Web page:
The choristers are part of a tradition that has existed for many centuries. Music has echoed in this place for centuries. The organ case says, “John Loosemore made this organ in 1665”. This was more than 350 years ago. That organ has been sitting there for more than 350 years— as Gabe Payne very astutely pointed out to me the other day, it was built the year before the great fire of London! And where there is an organ, there is a choir. Senior choristers, in the very stalls that you sit in every evening, 350 years ago when the organ was built, there were senior choristers sitting where you do now. Choristers are part of something much bigger than themselves. Choral music in this sacred place is the heartbeat of this cathedral. In fact, it I the very soul of this Cathedral and the community, and it has been for centuries. As John Rutter, the famous choral composer has said:

Choral music is not one of life’s frills. It’s something that goes to the very heart of our humanity, our sense of community, and our souls. When you sing, you express your soul in song. And when you get together as a group of singers, it becomes more than the sum of its parts. All of these people are pouring out their hearts and souls in perfect harmony. This is an emblem for what we need in this world, when so much of the world is at odds with itself, that this expresses, in symbolic terms, what it’s like when human beings are in harmony.”

Our choristers, led by our senior choristers, change people’s lives. Sometimes when people are feeling sad, or upset, or lonely, they come to the cathedral, hear the choir singing Evensong, and it makes them feel better. It enriches people’s lives in a profound way.

Senior choristers, as John Rutter says, Choral music is not one of life’s frills. It is very important. You have developed the skills that you need to lead this centuries-old tradition. It is a big responsibility to take on to your shoulders. It is a big responsibility to always be professional and to always set an excellent example to the Jr Choristers. It is a big responsibility to be a senior chorister, but each and every one of you deserve to be the leaders of this choir, and the leaders of the continuation of our choral tradition.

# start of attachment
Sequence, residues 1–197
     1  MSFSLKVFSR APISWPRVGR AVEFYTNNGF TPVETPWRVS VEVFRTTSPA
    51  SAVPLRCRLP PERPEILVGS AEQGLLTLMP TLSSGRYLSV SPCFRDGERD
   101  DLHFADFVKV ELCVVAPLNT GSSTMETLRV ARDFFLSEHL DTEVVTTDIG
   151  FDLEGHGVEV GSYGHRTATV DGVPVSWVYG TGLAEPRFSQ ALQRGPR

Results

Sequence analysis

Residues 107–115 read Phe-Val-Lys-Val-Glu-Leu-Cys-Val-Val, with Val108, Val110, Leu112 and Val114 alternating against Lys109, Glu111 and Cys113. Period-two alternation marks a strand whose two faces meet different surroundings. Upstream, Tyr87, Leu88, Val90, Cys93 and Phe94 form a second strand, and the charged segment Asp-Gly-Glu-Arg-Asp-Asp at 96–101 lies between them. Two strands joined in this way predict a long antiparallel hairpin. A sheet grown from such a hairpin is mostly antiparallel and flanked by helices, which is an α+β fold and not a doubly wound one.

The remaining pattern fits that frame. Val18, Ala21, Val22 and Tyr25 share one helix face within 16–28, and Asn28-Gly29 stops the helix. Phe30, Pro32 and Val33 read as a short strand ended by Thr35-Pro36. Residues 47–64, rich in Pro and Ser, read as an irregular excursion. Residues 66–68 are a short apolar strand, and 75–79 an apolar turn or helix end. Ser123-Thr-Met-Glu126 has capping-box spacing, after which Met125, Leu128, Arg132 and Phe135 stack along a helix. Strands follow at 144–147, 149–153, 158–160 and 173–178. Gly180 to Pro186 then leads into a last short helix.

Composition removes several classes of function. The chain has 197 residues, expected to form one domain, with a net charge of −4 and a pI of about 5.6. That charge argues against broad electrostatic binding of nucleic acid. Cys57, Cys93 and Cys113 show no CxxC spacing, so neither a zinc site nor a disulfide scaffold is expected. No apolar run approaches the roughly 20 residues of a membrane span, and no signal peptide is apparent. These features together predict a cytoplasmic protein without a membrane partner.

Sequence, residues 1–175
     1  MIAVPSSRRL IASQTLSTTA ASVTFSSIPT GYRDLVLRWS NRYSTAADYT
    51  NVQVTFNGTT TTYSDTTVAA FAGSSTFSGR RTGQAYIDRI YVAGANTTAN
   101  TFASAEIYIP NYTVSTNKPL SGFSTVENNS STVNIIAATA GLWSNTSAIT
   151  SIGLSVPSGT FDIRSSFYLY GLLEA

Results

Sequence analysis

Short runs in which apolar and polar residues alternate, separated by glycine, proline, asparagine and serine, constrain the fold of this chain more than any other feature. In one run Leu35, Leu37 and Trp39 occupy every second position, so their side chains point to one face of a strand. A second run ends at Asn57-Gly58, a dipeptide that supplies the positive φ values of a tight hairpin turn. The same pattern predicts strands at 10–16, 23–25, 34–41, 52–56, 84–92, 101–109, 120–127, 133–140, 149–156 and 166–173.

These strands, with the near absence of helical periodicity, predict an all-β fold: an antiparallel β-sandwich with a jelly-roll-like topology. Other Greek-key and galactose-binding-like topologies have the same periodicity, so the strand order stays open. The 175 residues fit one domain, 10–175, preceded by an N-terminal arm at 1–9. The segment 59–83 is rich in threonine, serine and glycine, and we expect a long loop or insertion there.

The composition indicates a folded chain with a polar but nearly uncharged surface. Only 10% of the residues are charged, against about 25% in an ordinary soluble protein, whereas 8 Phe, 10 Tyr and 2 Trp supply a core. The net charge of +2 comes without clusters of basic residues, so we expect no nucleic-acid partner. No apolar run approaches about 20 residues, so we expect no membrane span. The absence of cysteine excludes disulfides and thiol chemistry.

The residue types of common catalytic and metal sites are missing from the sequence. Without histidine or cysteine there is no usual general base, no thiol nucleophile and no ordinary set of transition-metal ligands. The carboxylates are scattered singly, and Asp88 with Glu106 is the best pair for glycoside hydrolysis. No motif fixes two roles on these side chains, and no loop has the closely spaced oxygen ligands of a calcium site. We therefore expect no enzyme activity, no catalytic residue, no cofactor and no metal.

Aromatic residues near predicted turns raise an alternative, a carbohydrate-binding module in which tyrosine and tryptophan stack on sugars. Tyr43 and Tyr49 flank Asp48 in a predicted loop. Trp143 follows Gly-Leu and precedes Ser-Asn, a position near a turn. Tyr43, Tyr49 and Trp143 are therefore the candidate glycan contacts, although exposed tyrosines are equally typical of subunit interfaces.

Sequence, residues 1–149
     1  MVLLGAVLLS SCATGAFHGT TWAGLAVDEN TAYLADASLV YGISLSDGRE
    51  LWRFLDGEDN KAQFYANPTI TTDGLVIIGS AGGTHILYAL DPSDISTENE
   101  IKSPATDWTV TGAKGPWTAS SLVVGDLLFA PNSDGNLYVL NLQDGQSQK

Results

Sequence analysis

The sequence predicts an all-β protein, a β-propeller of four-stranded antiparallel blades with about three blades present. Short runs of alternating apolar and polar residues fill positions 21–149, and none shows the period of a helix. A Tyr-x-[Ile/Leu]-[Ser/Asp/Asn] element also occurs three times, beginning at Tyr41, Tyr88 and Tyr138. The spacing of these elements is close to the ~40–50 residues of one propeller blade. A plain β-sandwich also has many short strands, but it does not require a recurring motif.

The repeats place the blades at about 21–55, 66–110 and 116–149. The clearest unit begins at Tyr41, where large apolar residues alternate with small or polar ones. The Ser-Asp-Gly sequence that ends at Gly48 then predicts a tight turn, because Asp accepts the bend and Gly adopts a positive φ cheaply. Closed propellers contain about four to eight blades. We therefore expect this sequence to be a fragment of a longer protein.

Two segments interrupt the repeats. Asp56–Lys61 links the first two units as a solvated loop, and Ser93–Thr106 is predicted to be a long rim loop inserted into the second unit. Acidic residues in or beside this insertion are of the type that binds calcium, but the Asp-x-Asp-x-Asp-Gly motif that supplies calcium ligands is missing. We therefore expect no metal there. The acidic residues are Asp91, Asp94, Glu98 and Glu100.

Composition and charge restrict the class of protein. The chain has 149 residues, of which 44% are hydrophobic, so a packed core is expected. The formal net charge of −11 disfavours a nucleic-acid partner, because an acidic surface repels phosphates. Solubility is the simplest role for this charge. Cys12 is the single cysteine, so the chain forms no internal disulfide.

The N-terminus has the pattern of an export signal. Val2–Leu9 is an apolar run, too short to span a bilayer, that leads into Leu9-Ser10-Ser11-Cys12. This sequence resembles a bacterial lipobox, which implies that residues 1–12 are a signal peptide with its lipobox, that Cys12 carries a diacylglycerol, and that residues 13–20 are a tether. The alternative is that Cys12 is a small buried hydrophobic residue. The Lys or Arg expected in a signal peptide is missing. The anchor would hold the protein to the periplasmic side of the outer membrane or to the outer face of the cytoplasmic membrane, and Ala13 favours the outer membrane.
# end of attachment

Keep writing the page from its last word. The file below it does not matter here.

You have come a long way since I met you all when I arrived in 2016, you have developed so fantastically as musicians, and the cathedral and school are very proud of everything that you have achieved, and you should be proud of yourselves to.

To show who the senior choristers are, and to celebrate their status as proven professional musicians, the senior choristers wear medals around their necks when they sing evensong, just like an athlete. It represents their achievements, and their responsibilities as part of the choir.”

The Jr Choristers and Probationers sang an Evensong on Thursday evening without the help of the seniors, and it is already clearly very evident that our senior choristers have been doing a great job at helping to train them up. It was a wonderful service of beautiful singing, and a moment to be proud of for the younger members of our choir.

Thursday night was a night off for the senior choristers; a night to relax and put their feet up (for once!). I think, therefore, it says a lot that every single one of our senior choristers came to Evensong anyway as members of the congregation on Thursday, not only support their junior counterparts, but also, I suspect, to keep a watchful eye on their professionalism in the stalls!

Next time you come to the Cathedral for Evensong, Morning Eucharist, or Concert, keep an eye out for our medal-wearing seniors, and just spend a moment appreciating what an achievement it is for them to have become senior choristers in Exeter Cathedral Choir.


Sean Fitzpatrick

Assistant Director of Music and Chorister Tutor


4 October 2019